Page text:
Gazebo, Titanic                       2,000 lbs.      16,200 lbs.                                    $1,938,000

Optional Rule: Encumbered Flying
If the GM dislikes how the Flying Carpet spell ignores encumbrance, he could optionally rule that it has a Basic Lift equal to half its maximum weight allowance. So a small carpet could carry 225 lbs. without a problem, 450 lbs. at Light encumbrance (-1 to Move, Dodge, etc.), 675 lbs. at Medium encumbrance, and so on. The benefits (being able to carry more, albeit slower) and drawbacks cancels each other out.

Levitating Vehicles
A classic staple in fantasy, but oddly absent from GURPS is the enchantment that can “levitate” a object permanently. Probably the easiest way to get this effect would be to say that Apportation can permanently make a object float in one spot. This costs 100 energy times the casting cost. This allows the enchanted object to move at a rate of 1 on its own – or at the rate of whatever creature is pushing or pulling it. A example is below:

Levitating Wagon
Like a regular wagon, except its wheels are removable (and stored on the side of the wagon), is completely walled in, and floats about three feet off the ground. On its own it can Move at a rate of 1 as long as someone with Magery is directing it, but it’s usually harnessed to beasts of burden. It requires a odd set-up in that it needs at least one animal in front of it and behind it (to keep it stable) and inflicts a -4 familiarity penalty on Teamster rolls until the driver gets used to it. Its move is equal to the move of whatever being it’s harnessed to.

TL Vehicle ST/HP Hnd/SR HT Move LWt. Load SM Occ. DR Range Cost         Locations
3^   Wagon 35†       -3/4         12c Spec. 1.14    0.8    +2   1+3   2     F         $175,080  2DE4W

Picking Over the Bones
I’m not saying that the base Flying Carpet spell is bad – I just like the idea of a improved spell with better capabilities. The levitating wagon thing was also something I ad-libed in one of my game sessions and the idea stuck. They are insanely expensive – but allow quick travel through any sort of terrain. You could even use it over water if you had some domesticated animals would would pull it. It’s not going to be for all Dungeon Fantasy games though – some folks might be running mega-dungeons or the like – I’m one for the hex-crawl and adventures taking place outdoors as much as underground.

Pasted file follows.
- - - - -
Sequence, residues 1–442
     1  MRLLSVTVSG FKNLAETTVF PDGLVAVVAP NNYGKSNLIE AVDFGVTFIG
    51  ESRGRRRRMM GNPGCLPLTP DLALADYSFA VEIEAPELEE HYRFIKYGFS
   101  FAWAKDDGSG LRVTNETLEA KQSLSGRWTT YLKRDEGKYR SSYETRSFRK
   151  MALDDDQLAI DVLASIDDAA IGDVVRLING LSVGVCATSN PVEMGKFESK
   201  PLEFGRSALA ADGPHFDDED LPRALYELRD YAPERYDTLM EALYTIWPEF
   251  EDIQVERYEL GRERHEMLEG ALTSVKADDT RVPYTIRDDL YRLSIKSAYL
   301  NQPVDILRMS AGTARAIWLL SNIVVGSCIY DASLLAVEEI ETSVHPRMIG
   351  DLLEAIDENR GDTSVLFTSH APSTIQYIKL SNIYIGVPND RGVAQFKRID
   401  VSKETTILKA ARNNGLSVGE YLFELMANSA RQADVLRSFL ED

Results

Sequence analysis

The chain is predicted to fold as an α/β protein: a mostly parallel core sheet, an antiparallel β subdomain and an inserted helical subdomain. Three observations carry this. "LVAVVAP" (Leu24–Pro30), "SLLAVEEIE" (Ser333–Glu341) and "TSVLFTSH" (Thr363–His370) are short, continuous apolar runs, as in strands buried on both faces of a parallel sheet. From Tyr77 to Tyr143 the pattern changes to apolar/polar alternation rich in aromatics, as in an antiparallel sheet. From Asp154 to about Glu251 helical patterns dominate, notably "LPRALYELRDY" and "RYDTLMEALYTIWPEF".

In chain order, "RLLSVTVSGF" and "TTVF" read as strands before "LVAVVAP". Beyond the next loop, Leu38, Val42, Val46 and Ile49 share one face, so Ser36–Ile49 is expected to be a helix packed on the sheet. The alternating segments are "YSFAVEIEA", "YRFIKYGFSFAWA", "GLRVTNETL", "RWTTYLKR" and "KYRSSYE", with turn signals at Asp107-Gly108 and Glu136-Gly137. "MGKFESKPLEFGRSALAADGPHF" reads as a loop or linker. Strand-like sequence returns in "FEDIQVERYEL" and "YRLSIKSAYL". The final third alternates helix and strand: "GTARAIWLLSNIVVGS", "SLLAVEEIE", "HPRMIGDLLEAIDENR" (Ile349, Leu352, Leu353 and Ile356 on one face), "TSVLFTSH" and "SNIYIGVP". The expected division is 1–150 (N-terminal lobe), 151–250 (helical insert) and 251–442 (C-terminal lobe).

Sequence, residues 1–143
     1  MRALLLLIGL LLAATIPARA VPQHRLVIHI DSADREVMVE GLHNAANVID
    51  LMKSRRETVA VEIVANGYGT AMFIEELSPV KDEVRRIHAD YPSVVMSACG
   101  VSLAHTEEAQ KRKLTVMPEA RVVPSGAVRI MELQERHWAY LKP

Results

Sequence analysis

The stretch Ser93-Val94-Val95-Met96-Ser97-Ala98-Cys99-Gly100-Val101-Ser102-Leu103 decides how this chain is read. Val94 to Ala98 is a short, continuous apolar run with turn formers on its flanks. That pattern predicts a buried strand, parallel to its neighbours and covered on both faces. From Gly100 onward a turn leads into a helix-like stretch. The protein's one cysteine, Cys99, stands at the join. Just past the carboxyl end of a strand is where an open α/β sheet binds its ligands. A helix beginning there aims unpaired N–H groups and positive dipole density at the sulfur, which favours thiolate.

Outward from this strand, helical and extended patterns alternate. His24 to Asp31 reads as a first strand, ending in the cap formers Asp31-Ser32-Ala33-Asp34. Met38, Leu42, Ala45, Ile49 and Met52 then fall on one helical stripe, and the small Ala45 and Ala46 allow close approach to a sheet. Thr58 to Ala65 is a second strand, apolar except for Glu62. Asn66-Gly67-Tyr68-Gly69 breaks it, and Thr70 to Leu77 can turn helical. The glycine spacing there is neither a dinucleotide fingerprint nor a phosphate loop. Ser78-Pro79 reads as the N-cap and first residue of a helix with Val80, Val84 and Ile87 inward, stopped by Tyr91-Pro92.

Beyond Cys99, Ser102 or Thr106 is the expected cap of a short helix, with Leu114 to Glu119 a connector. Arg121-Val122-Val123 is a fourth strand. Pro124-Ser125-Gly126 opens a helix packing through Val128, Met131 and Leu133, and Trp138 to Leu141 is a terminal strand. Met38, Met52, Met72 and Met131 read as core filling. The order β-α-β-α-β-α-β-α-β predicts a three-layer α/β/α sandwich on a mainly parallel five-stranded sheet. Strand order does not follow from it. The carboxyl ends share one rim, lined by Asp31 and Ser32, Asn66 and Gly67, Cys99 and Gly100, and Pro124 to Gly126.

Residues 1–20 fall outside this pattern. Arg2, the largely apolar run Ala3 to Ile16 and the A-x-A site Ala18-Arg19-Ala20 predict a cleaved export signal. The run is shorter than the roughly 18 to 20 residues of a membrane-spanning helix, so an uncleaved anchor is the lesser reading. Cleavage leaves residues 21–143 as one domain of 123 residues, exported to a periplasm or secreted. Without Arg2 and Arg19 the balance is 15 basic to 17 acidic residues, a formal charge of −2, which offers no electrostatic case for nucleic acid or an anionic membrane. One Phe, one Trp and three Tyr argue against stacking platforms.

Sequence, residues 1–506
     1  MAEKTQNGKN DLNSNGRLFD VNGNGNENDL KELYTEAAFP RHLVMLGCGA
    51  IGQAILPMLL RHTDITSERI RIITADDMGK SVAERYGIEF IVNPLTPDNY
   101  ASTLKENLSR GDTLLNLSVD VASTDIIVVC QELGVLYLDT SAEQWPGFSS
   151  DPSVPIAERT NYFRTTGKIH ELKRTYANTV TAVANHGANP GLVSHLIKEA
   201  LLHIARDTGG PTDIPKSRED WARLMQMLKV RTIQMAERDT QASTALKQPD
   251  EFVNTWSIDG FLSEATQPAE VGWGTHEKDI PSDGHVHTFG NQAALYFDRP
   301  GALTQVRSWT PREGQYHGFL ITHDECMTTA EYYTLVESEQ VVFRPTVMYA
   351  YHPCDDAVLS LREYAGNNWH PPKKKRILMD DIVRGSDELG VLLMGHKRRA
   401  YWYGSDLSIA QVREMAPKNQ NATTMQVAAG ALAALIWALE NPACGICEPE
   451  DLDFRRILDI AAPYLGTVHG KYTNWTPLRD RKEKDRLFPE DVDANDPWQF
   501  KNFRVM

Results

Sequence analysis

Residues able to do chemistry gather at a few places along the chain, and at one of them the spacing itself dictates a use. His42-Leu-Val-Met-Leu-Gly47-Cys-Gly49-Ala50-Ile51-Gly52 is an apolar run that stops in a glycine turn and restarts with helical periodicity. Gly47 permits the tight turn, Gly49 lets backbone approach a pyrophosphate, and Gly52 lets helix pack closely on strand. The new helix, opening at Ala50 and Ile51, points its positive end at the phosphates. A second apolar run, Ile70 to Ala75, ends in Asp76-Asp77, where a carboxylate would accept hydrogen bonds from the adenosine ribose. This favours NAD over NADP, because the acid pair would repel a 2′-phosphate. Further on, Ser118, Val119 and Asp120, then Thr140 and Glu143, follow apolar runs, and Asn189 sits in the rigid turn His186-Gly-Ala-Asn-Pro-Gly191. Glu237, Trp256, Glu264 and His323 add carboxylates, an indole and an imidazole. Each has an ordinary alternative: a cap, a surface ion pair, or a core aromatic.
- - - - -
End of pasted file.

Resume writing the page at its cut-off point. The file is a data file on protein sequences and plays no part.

Posted in Uncategorized and tagged , , , , .


  1. Not really. I can think of a half dozen nasty ways to through a random encounter: elven clothesline (DF 16), ranged attacks from those below, wizards tossing fireballs, no-mana or low-mana areas. Plus it's always fun to let the PCs think they're getting by and THEN hitting them with a encounter.

  2. This is remarkably similar to – but a bit better than – how I put flying carpets into my DF game. I'm using the Encumbered Flying approach. I'm going to modify my approach with a lot of what you have here. Good stuff Christopher.

  3. Thanks, I've got a ton of notes on paper so whenever I get this bloody damn laptop (it shipped today. YAY!) I can put out some more stuff. I even wrote up a full adventure (well, several) for my campaign with maps, charts, and new information. It's pretty impressive at 14k…but highly doubtful I can get SJGames to take it. You know how adventures are. You want I should send it your way and you can poke it with a stick?

Leave a Reply